12. Now coming to the circumstances of the present case, while it is true that there are grounds for suspecting that the currency notes were obtained by the accused from P. Ws. 1 to 3 under the pretence that they could bring into existence an equal number of notes of the same denomination, it is impossible to act upon that suspicion and direct the delivery of these notes to the above-mentioned witnesses. Such an order, it seems to me, would be in the teeth of the normal rule recognised by a long line of decisions not only of the Madras but also of other High Courts.

It is true that by the time P. Ws. I to 3 may be able to secure any relief from the Civil Court, it may be impossible to trace the notes and it may be equally impossible to secure adequate compensation for their loss from the accused, as they do not appear to have much property. But that is a difficulty, to meet which unfortunately, there is no pro-Vision in the Code. One consolation, of course, may be that the persons who parted with the notes must be, in the nature of things, patricians criminals and even if, in the circumstances, the Civil Court should decree their claim, there would be no room for regret that they have suffered the loss.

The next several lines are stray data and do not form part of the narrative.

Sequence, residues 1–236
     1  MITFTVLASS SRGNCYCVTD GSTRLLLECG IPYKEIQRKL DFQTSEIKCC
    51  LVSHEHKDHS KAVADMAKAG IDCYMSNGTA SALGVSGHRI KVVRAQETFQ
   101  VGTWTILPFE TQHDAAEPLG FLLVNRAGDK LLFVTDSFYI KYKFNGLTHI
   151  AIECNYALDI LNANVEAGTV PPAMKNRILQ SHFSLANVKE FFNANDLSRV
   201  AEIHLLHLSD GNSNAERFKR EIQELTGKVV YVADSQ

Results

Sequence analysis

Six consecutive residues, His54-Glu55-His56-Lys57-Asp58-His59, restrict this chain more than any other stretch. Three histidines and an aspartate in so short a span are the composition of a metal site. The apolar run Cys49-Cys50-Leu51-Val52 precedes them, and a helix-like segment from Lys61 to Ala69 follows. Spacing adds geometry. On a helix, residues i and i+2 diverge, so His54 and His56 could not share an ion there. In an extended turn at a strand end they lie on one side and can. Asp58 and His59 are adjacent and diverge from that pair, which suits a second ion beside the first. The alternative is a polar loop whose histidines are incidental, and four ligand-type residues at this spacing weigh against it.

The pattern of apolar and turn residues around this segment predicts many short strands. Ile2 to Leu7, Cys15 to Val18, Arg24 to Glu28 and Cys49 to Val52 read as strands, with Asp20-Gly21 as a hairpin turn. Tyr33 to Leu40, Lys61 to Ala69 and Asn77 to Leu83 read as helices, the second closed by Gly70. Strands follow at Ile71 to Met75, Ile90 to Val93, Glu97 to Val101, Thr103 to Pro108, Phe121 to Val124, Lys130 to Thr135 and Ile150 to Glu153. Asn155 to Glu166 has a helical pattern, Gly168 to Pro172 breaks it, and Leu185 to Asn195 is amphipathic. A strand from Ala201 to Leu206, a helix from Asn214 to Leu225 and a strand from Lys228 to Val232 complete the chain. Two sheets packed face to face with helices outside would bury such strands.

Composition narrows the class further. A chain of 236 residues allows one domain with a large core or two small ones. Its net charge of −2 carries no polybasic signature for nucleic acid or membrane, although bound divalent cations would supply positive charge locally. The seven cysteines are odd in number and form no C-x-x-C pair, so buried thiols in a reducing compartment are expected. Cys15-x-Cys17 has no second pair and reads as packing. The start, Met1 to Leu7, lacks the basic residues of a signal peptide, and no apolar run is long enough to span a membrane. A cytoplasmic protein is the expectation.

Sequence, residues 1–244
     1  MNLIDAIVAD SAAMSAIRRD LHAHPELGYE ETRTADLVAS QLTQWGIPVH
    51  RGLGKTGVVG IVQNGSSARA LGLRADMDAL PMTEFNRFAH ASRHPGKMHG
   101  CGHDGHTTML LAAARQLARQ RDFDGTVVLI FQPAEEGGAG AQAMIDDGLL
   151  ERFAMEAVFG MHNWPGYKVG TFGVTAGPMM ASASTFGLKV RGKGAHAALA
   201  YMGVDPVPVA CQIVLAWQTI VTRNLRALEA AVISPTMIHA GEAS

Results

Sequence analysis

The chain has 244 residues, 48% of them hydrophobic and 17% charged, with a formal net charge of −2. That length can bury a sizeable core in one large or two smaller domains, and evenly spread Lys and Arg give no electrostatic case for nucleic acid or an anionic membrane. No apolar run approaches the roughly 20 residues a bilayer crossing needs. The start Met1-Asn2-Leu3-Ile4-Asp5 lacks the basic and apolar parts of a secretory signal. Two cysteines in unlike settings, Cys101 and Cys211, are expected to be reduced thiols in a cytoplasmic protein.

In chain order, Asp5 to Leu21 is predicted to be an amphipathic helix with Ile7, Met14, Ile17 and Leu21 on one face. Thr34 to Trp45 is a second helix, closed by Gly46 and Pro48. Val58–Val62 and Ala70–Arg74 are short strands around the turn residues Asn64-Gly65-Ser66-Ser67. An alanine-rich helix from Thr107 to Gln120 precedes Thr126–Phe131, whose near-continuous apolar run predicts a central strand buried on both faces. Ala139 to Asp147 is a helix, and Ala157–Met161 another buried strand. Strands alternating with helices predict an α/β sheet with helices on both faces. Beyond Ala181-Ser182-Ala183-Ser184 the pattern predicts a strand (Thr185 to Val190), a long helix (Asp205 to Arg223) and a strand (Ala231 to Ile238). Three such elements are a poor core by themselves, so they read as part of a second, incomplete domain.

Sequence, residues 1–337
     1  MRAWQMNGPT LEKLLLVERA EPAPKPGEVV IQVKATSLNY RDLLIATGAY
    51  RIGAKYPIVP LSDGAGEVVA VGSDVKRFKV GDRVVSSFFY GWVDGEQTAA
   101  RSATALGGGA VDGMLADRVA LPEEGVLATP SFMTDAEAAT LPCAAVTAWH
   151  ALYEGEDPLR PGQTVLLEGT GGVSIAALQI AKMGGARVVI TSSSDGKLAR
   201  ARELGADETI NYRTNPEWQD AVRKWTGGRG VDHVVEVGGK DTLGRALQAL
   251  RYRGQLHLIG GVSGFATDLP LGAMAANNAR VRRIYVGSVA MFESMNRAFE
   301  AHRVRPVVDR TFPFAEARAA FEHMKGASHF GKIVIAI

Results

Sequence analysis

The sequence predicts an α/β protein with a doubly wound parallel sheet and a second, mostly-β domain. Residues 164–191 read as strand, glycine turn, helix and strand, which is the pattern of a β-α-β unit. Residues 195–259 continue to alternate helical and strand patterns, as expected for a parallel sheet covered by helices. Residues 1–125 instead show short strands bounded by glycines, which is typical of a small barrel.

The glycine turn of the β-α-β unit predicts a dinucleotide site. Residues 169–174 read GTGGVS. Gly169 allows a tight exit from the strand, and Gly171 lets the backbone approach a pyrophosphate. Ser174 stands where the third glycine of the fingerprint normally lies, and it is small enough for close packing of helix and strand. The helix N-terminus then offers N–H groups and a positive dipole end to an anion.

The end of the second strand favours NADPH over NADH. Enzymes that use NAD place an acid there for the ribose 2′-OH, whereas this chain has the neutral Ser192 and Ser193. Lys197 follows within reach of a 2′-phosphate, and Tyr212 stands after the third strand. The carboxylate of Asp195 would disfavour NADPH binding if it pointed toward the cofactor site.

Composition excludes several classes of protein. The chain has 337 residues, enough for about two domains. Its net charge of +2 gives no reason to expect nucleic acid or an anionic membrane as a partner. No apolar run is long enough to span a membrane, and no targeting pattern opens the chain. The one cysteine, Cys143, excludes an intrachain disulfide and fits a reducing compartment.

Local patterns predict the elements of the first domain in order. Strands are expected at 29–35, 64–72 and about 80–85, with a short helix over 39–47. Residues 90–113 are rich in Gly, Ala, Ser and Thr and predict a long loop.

But there may be cases where innocent persons may have a claim and it is for the benefit of such persons that I think a statutory provision of the character such as I have suggested above is necessary. In conclusion I hold that there is no justification in the circumstances of the present case, for the direction given by the Sessions Judge, after acquitting the accused, that the currency notes should be returned to P. Ws. 1 to 3. I have already stated that he has given no reasons. I can see no conceivable reason why there should be in this case a departure from the normal rule.

13. The order of the Sessions Judge is set aside fend there will be a direction that the property be returned to the petitioner. The petition is therefore allowed.